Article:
Come pennuti augelli, ascended above the mists and darkness of the diurnal orb to the luminous source of his inspirations, and abandoning the finite for the infinite, he assumed the Logos as the formula of those intellectual doctrines, which were the goal of his life and actions, and the end and aim of his moral existence. By the pure criticism of Aristotle, Intellectualism was stripped of the gorgeous attributes with which the fine imagination of Plato had invested it, and cause and effect, the tracing of the primal agent through the mysterious operations of his agency,“ the passing from the complex to the simple, from movements to the forces which produce them,” were the palæstra in which it had to exercise and exhibit its capabilities. In the school of the Sophists, an ambition for vain subtleties, an absorbing desire to win the reputation of consummate skill in the use of the dialectic weapons, degraded Intellectualism, turned it aside from the objects of its high pursuit, and while eager disputants battled for some verbal shadow, the sublime essence, the vivifying principle was sacrificed, and, in too many instances, recklessly abandoned. They departed from those beautiful speculations of Plato and his followers, the paramount tendency of which, was to refine, to elevate,

to spiritualize ; to develope the moral nature of man, to invigorate and enable it to soar above the gross sensualism of mere organic existence. In their arrogant assumption of the title that constituted them sole depositaries of Intellectualism and truth, in their scornful rejection of the claims of the universal family of humanity, they forgot that truth is the natural inheritance of all; that like the sun which lights the world, truth beams for all who have eyes to behold it, and that it is only when individuals appropriate its beauties to their own selfishness, and array it in their own peculiar forms, that its glories become degraded, sullied, and obscured. It is not error, says Lessing, but sectarian error, nay, and even sectarian truth, which is the source of such wide and deep unhappiness. Nolite fieri sapientes penes vosmetipsos. (St. Augustin. sermo 42, de sanctis).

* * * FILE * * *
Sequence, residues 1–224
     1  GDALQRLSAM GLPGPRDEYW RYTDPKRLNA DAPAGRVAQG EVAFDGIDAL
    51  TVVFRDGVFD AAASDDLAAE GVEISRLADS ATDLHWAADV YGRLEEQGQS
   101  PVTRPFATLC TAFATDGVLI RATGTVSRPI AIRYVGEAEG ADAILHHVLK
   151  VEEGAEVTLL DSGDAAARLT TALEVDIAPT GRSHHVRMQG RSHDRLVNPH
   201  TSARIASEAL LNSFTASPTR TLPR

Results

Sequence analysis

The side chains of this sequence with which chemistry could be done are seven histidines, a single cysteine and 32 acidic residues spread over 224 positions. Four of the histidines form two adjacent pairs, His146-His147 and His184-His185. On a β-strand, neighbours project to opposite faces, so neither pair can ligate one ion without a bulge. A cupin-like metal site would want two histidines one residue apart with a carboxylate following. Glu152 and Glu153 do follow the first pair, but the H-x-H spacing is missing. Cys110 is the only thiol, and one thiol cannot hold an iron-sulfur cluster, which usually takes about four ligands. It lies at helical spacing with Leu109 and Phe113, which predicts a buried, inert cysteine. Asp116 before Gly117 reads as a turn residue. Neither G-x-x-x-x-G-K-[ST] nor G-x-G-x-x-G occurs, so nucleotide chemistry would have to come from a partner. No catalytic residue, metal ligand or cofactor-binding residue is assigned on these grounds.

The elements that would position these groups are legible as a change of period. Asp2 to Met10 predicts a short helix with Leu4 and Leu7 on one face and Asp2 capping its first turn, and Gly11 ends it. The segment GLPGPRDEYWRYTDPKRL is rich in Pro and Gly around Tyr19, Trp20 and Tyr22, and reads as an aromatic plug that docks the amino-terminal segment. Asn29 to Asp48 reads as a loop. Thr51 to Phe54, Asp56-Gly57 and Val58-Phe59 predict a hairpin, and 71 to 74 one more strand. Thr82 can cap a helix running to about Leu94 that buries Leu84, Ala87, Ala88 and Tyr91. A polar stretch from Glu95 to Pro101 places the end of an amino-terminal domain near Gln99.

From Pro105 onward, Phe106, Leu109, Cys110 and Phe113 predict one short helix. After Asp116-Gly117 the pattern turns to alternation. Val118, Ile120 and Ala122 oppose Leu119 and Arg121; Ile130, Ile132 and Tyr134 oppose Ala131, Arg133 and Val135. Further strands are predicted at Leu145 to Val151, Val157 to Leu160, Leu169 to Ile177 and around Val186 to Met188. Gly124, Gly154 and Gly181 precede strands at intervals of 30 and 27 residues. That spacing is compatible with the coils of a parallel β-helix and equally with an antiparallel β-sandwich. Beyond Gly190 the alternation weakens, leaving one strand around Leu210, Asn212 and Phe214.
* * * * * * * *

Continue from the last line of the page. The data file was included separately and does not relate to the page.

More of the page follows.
The philosophy of Rome was another grade of the transition of Intellectualism. Slow and hesitating was its progress; nor should we express our surprise, for the history of modern physical science demonstrates in how gradual a manner fundamental truths are impressed upon mankind; how the master-spirits of each generation cling to their antique associations, to the idiosyncracy of their old habitudes, and that it is only by the approximation and blending of portions of the dogmas of the past with the theories of the present, that any thing new can be elaborated. This was an axiom of the alchemists, who quaintly said, “ expostremis antiquorum, efficiuntur primaria novorum. Varro, Cicero, Seneca, Pliny, and, in part, Tacitus, may be considered as the expression of the progress of intellectualism during the Roman period. The Romans, however, possessed a temperament of soul less fervent, less enthusiastic than the Greeks; they yearned less avidly after the ideal, they absorbed themselves less deeply in the contemplation of pure truth and eternal beauty. In their poetry, they were essentially unlike the bards of Hellas; inferior and dependent as the satellite to its ruling planet-for with the exception of Lucretius, what have they produced sublime as the